In addition to important potential industrial applications, Makhatadze also believes the research sheds some light on the evolution of proteins. The researchers compared the mutations that they made within the proteins in order to optimize the protein’s performance with the mutations naturally occurring in the proteins from the evolutionary distant organisms. Instead of seeing more mutations along with increased performance as with most evolutionary adaptations, the researchers saw that less frequent mutations resulted in a more stable protein. “This suggests that the stability of proteins might not be evolutionarily important,” he said. “It appears that as soon as the protein is able to function in given conditions and is stable at a given temperature, anything above that is not really necessary.”

The research was fully funded by the National Science Foundation (NSF). Makhatadze was assisted in his research by post-doctoral researcher Mayank Patel, graduate student Jiajing Liu, NMR Core Director Scott McCallum, and Assistant Professor of Biology Chunyu Wang, all of Rensselaer, as well as former graduate student Alexey Gribenko, who is currently a member of the faculty at the University of Texas Medical Branch. In addition, the structure of one the proteins used in the study, acylphosphatase (AcPh), was actually solved at Rensselaer using the sophisticated nuclear magnetic resonance (NMR) core within the Center for Biotechnology and Interdisciplinary Studies (CBIS).

Gabrielle DeMarco | EurekAlert!
Further information:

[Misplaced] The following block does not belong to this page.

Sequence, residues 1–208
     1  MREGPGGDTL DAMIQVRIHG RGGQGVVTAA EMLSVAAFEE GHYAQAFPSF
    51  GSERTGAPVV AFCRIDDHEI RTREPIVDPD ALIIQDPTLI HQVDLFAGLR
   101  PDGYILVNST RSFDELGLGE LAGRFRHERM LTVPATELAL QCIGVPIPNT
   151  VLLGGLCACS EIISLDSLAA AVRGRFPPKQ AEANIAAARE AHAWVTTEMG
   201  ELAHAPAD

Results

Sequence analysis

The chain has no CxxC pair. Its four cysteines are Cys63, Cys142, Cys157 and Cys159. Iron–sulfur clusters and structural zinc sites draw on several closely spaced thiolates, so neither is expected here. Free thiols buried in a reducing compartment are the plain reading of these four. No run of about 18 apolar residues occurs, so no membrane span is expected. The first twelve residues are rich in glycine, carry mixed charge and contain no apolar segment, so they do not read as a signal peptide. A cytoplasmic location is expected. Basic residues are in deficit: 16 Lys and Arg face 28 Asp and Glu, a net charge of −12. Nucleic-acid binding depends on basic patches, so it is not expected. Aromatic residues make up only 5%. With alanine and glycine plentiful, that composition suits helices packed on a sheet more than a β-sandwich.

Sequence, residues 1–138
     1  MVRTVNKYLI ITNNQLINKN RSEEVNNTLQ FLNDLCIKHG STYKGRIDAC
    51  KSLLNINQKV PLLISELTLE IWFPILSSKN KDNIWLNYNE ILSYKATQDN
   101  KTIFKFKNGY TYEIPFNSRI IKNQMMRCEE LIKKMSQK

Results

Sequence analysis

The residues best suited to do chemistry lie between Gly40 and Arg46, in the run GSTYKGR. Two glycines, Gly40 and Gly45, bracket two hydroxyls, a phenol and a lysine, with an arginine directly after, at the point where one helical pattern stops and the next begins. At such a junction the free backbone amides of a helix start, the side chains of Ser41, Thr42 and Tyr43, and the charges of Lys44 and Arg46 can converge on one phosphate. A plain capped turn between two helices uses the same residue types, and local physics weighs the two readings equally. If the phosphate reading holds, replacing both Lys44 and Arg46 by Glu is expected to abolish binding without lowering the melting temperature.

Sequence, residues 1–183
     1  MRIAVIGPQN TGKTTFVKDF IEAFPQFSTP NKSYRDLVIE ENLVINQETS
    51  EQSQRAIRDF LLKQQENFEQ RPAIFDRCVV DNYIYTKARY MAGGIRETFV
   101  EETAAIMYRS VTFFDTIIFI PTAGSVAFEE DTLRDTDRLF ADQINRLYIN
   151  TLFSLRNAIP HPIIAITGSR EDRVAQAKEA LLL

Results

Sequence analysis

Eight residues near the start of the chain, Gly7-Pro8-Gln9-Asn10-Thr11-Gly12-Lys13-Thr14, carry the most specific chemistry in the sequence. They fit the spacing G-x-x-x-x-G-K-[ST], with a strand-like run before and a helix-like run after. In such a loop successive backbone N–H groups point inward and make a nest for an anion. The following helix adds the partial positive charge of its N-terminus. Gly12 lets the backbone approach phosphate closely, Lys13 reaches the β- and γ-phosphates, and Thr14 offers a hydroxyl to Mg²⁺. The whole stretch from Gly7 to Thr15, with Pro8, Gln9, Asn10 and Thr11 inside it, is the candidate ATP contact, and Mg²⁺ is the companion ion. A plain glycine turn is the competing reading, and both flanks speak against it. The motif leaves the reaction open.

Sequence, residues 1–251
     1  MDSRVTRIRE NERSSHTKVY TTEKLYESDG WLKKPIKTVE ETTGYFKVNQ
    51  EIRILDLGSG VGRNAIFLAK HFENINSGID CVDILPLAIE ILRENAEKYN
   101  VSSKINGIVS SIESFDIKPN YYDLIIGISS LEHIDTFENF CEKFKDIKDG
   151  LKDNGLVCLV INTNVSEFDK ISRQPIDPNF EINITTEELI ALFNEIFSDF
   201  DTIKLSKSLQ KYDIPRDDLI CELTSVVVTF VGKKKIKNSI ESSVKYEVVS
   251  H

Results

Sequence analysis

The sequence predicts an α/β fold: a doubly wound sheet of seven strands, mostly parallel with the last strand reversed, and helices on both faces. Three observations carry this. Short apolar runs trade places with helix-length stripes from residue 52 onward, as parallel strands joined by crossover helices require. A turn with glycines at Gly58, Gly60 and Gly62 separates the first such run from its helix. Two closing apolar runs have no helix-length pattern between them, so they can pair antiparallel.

http://ww.rpi.edu

More articles from Life Sciences:

nachricht Rainbow colors reveal cell history: Uncovering β-cell heterogeneity
22.09.2017 | DFG-Forschungszentrum für Regenerative Therapien TU Dresden

nachricht The pyrenoid is a carbon-fixing liquid droplet
22.09.2017 | Max-Planck-Institut für Biochemie

All articles from Life Sciences >>>

The most recent press releases about innovation >>>

Die letzten 5 Focus-News des innovations-reports im Überblick:

Im Focus: The pyrenoid is a carbon-fixing liquid droplet

Plants and algae use the enzyme Rubisco to fix carbon dioxide, removing it from the atmosphere and converting it into biomass. Algae have figured out a way to increase the efficiency of carbon fixation. They gather most of their Rubisco into a ball-shaped microcompartment called the pyrenoid, which they flood with a high local concentration of carbon dioxide. A team of scientists at Princeton University, the Carnegie Institution for Science, Stanford University and the Max Plank Institute of Biochemistry have unravelled the mysteries of how the pyrenoid is assembled. These insights can help to engineer crops that remove more carbon dioxide from the atmosphere while producing more food.

A warming planet

Im Focus: Highly precise wiring in the Cerebral Cortex